In frontier countries, the equity markets tend to be the focus for foreign investors seeking access to and participating in the rapid growth these countries are experiencing, and Vietnam is no exception. After starting the year affected by global issues, Vietnam’s stock markets have recovered well, breaking through several historical barriers and reaching eight-year highs.
Corporate earnings are generally solid, liquidity has been increasing, and additional privatizations and the lifting of foreign ownership limits all point to continued market growth. In contrast, Vietnam’s bond markets have, until very recently, shown little such promise. While government bonds (“g-bonds”) continue to be an important vehicle for raising funds and have seen reasonably robust sales in the past six months, corporate bonds (“c-bonds”) have been relatively static. But change seems to be afoot. Is now the time for foreign investors to include bonds in their Vietnam portfolios?
G-bonds, which account for approximately 90% of the total bond market, are of critical importance to the Vietnamese government: their proceeds drive the infrastructure and other investments fueling the country’s development and enable the government to restructure its debt. With the fiscal deficit rising, bond sales are a vital source of capital. In 2016, the government set a target for domestic bond sales of approximately USD9.8 billion, and two-thirds of that annual target was already raised by 26 May. The average tenor of debt reached 6.79 years.
Local banks, insurance and securities companies account for 80% of g-bonds purchases, with the other 20% comprised of foreign banks. One of the reasons for high bank participation are that they need to purchase g-bonds to satisfy their capital ratios for State Bank of Vietnam compliance.
The bonds presently outstanding in the market mostly concentrate on maturities of five-years or less, which are preferred by banks. Year-to-date, the total amount of g-bonds issued with maturities greater than five years make up 19% of total issued volume, although the State Treasury has indicated that most of the bonds sold in the second half of 2016 will have tenors over five years.
Some foreign banks are said to use g-bonds as part of a “carry-trade” investment strategy, whereby they convert US dollars into Vietnamese Dong to buy g-bonds, which currently yield 6% per year. Adjusting for 2% year depreciation of the VND, foreign banks can still earn a spread of 2% per year. Under the amended Circular 36, foreign banks may use up to 35% of their short-term capital to purchase g-bonds.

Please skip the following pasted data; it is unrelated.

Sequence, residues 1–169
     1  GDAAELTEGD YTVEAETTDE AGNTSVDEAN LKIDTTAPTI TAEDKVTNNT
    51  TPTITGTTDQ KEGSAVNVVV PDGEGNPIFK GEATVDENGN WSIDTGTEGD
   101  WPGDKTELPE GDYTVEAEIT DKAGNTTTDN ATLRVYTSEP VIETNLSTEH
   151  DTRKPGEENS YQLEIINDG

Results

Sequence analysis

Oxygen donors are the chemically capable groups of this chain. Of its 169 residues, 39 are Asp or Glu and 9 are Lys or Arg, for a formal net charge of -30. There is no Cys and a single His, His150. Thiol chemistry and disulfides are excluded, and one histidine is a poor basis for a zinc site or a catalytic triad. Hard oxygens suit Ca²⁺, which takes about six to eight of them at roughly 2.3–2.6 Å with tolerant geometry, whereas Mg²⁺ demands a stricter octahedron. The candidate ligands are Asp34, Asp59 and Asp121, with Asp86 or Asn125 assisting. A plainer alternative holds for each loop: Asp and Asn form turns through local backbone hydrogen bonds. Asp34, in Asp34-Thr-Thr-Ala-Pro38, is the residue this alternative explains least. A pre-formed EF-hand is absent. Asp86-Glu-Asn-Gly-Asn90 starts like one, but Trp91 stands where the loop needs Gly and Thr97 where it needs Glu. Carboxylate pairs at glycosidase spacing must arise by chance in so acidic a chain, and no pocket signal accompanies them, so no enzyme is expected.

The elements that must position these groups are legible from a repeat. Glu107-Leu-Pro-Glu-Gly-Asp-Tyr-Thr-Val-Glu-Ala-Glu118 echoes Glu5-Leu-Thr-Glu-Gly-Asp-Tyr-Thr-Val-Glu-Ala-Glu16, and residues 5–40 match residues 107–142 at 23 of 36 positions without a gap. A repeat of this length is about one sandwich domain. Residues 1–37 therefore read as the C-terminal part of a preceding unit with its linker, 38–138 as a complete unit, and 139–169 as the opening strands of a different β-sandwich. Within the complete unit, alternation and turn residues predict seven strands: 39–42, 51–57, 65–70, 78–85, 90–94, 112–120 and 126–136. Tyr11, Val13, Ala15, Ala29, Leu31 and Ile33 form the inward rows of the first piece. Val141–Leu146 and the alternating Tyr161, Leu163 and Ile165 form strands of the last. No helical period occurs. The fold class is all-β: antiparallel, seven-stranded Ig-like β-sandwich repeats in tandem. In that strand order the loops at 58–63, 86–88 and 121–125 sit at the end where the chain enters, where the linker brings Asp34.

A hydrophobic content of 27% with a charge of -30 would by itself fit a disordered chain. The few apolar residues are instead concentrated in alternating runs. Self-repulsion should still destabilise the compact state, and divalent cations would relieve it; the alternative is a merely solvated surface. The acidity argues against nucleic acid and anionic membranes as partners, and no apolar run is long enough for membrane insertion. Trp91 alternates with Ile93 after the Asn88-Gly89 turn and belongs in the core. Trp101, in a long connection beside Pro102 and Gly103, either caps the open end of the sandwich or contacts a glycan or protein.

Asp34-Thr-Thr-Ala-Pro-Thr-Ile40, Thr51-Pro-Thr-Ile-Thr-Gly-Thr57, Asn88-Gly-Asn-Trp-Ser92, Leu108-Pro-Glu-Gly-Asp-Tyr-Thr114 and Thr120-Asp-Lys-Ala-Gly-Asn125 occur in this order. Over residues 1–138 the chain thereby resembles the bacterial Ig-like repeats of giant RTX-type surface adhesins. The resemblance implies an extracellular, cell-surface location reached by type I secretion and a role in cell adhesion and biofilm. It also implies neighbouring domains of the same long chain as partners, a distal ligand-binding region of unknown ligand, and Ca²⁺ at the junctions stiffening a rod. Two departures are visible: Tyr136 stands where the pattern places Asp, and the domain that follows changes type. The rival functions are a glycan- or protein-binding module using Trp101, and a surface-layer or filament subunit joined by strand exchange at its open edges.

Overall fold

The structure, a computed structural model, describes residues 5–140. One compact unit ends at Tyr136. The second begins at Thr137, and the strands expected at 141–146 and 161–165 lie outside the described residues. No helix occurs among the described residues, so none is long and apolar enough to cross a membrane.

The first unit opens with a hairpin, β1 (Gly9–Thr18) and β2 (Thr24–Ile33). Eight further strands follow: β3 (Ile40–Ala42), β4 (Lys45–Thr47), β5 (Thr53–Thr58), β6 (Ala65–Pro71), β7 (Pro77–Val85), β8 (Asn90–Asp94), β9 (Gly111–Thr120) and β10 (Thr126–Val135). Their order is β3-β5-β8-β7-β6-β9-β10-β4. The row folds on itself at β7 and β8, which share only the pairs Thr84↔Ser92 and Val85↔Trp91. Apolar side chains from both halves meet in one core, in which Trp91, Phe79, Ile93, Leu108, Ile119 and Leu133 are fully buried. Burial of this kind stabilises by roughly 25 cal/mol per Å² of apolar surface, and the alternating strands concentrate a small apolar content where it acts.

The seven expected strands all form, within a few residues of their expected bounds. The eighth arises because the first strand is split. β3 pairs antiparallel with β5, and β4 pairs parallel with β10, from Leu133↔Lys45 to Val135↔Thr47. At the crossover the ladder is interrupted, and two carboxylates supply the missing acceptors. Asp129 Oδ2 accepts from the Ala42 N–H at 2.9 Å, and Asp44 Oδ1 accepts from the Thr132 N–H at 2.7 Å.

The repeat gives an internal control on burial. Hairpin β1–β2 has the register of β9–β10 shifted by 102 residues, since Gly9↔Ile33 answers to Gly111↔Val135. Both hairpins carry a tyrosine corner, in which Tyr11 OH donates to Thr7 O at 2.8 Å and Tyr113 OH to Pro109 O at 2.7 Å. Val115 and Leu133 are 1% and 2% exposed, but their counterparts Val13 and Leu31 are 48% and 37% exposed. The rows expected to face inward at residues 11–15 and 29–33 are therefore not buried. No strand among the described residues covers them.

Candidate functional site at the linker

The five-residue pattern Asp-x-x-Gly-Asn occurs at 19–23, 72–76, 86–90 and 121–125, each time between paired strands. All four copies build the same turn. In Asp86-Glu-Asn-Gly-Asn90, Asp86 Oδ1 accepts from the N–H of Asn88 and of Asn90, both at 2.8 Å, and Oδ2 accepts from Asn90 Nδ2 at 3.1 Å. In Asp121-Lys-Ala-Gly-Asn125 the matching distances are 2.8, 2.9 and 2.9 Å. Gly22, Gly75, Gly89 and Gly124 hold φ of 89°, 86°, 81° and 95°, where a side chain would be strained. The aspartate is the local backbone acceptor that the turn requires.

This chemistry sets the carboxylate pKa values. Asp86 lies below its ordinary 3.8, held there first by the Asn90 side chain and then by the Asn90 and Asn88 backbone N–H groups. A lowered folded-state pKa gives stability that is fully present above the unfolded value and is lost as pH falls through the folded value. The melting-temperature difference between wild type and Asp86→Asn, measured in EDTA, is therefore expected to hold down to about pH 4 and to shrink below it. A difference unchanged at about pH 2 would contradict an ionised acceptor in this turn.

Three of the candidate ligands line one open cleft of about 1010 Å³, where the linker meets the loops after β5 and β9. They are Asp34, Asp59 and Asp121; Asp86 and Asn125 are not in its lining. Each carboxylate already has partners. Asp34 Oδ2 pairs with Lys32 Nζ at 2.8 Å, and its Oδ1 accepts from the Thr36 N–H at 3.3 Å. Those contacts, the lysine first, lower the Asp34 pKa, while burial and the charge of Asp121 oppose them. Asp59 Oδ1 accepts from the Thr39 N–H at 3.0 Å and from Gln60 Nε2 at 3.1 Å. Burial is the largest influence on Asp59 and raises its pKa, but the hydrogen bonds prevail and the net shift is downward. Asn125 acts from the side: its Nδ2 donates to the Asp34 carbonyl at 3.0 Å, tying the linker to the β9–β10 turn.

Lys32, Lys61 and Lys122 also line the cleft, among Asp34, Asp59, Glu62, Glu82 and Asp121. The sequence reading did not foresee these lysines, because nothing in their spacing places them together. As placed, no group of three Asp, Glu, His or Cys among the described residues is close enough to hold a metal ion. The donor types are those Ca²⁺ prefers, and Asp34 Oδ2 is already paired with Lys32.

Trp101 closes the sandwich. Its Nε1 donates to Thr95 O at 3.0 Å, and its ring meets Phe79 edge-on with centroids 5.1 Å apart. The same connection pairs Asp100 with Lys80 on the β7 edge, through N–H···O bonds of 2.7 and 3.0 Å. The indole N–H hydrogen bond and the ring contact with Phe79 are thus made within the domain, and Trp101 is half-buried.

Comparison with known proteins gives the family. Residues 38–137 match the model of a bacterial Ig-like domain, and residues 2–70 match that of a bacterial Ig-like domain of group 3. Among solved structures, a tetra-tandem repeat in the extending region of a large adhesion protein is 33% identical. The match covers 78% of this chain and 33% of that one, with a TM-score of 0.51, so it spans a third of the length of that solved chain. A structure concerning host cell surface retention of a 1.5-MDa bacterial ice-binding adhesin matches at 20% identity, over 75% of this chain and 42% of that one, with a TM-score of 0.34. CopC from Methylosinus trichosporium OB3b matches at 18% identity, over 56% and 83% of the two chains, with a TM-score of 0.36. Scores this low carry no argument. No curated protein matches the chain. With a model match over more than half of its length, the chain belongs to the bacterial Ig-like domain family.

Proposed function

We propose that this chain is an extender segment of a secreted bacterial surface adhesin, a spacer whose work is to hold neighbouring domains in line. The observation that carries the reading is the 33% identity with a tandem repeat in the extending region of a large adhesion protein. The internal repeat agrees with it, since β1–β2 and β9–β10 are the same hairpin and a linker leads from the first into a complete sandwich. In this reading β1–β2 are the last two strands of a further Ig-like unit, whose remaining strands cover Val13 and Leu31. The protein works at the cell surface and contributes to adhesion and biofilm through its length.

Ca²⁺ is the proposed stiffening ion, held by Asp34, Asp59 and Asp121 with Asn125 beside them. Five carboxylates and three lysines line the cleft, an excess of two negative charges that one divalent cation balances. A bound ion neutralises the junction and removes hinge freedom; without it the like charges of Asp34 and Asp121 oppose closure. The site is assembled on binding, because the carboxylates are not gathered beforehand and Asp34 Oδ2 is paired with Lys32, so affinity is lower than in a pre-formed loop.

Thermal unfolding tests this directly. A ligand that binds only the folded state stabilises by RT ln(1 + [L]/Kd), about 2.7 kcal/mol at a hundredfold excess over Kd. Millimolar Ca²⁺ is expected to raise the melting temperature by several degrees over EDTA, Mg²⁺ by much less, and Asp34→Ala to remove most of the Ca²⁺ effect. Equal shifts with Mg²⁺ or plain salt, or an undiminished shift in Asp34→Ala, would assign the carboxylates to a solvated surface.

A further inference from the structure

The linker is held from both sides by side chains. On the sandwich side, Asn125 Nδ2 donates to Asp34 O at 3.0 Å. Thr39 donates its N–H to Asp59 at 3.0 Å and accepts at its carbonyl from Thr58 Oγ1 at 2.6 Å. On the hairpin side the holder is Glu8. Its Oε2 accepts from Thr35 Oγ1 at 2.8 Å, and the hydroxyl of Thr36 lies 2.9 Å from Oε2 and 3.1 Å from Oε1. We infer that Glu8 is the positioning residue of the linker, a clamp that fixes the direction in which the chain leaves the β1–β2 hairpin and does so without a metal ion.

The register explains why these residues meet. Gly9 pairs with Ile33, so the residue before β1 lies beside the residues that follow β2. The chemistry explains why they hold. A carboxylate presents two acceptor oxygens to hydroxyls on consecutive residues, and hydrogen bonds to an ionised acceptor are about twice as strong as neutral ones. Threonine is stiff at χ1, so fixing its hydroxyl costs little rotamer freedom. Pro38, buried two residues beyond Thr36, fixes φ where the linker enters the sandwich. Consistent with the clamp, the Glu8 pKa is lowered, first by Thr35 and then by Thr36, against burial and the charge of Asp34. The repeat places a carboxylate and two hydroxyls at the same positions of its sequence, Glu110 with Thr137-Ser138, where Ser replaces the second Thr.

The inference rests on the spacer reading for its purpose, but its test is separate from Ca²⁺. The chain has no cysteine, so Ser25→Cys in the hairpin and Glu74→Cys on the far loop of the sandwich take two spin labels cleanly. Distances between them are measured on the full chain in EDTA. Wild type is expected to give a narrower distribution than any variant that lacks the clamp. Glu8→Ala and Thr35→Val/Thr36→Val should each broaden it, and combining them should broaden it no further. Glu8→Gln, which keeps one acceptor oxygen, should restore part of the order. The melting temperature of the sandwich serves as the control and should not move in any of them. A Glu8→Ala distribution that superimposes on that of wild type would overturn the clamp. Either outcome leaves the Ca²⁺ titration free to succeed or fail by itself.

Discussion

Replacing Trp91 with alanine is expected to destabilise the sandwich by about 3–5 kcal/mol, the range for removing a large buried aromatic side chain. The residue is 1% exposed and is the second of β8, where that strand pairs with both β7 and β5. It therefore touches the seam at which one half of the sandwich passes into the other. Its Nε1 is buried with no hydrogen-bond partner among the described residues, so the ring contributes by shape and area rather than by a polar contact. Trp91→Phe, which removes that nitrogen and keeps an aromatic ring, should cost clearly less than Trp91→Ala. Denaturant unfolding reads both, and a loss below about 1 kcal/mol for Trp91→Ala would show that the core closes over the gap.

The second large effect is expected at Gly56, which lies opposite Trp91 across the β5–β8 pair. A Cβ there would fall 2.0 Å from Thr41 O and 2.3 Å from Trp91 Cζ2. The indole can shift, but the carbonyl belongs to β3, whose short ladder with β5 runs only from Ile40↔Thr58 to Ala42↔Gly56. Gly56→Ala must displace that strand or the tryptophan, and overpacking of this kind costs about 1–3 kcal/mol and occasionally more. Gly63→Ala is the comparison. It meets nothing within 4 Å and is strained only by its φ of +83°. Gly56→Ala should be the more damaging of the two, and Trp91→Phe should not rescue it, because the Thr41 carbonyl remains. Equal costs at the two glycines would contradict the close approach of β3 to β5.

With the SBV keeping monetary policy fairly loose to stimulate economic growth, liquidity in the banking system is expected to remain positive for the remainder of the year. While lending is rising (credit growth is expected between 18-20%), liquidity is sufficient to prompt additional g-bond purchases. While still fairly small, the g-bond market in Vietnam has expanded quickly. By 2015, g-bond sales reached 21.5% of GDP; the goal is to reach 40% by 2020.
Vietnamese corporations have typically relied on bank loans when seeking capital. Prior to 2010, the economy was largely driven by credit relationships between state-owned enterprises (“SOEs”) and banks. About USD64 billion – or 50% of outstanding loans – were taken out by the top 100 largest SOEs, resulting in very little need to go to the debt market. Nevertheless, some companies did sell bonds, with particular successes at Electricity Vietnam (EVN) and Bank for Investment and Development (BIDV). However, these positive experiences were largely negated by one colossal failure of a company named Vinashin. During the period 2009-2014, the corporate bond market contracted by 50%.
Today, not a whole lot has changed. Loans continue to be the preferred source of capital, resulting in them comprising four-fifths of total debt. Although a growing number of companies are issuing bonds, the market remains small – just USD5.7 billion or 2.8% of GDP (compare that to Thailand, where the value of outstanding c-bonds reached 18% of GDP in 2015).
Most corporate bonds tend to be convertible into equity, unrated, and issued via private placement. They are typically of short tenors (2-5 years) and come in a range of sizes. The yield spread between corporate and government bonds of similar maturities average 200bps to 350bps.